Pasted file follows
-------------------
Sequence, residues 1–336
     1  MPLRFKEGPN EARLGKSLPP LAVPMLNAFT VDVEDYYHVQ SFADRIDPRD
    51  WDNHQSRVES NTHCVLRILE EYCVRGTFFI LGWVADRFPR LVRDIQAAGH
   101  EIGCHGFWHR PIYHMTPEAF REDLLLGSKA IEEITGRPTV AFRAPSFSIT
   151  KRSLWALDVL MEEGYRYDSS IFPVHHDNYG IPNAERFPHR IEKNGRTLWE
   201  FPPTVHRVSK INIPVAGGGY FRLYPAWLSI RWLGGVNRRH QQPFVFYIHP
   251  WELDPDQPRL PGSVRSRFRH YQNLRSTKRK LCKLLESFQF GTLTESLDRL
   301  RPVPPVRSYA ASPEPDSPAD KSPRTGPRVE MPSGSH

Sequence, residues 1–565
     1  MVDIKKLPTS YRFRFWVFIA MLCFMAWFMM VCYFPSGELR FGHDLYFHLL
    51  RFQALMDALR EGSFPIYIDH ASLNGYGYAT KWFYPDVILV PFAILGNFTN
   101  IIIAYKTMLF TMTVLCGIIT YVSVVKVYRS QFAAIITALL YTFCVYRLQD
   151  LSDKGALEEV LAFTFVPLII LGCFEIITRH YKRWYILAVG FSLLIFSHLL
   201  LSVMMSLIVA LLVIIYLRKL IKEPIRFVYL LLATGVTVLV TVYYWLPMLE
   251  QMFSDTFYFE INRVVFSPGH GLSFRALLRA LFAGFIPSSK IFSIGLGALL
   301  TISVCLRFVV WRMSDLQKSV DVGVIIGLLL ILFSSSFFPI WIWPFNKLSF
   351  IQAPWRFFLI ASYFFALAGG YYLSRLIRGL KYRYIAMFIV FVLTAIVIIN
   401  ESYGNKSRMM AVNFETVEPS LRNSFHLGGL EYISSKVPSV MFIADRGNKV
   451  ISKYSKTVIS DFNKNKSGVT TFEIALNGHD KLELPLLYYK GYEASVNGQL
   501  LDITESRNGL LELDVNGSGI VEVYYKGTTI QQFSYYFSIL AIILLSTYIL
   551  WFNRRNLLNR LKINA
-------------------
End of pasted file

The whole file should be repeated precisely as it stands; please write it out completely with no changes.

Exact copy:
Sequence, residues 1–336
     1  MPLRFKEGPN EARLGKSLPP LAVPMLNAFT VDVEDYYHVQ SFADRIDPRD
    51  WDNHQSRVES NTHCVLRILE EYCVRGTFFI LGWVADRFPR LVRDIQAAGH
   101  EIGCHGFWHR PIYHMTPEAF REDLLLGSKA IEEITGRPTV AFRAPSFSIT
   151  KRSLWALDVL MEEGYRYDSS IFPVHHDNYG IPNAERFPHR IEKNGRTLWE
   201  FPPTVHRVSK INIPVAGGGY FRLYPAWLSI RWLGGVNRRH QQPFVFYIHP
   251  WELDPDQPRL PGSVRSRFRH YQNLRSTKRK LCKLLESFQF GTLTESLDRL
   301  RPVPPVRSYA ASPEPDSPAD KSPRTGPRVE MPSGSH

Sequence, residues 1–565
     1  MVDIKKLPTS YRFRFWVFIA MLCFMAWFMM VCYFPSGELR FGHDLYFHLL
    51  RFQALMDALR EGSFPIYIDH ASLNGYGYAT KWFYPDVILV PFAILGNFTN
   101  IIIAYKTMLF TMTVLCGIIT YVSVVKVYRS QFAAIITALL YTFCVYRLQD
   151  LSDKGALEEV LAFTFVPLII LGCFEIITRH YKRWYILAVG FSLLIFSHLL
   201  LSVMMSLIVA LLVIIYLRKL IKEPIRFVYL LLATGVTVLV TVYYWLPMLE
   251  QMFSDTFYFE INRVVFSPGH GLSFRALLRA LFAGFIPSSK IFSIGLGALL
   301  TISVCLRFVV WRMSDLQKSV DVGVIIGLLL ILFSSSFFPI WIWPFNKLSF
   351  IQAPWRFFLI ASYFFALAGG YYLSRLIRGL KYRYIAMFIV FVLTAIVIIN
   401  ESYGNKSRMM AVNFETVEPS LRNSFHLGGL EYISSKVPSV MFIADRGNKV
   451  ISKYSKTVIS DFNKNKSGVT TFEIALNGHD KLELPLLYYK GYEASVNGQL
   501  LDITESRNGL LELDVNGSGI VEVYYKGTTI QQFSYYFSIL AIILLSTYIL
   551  WFNRRNLLNR LKINA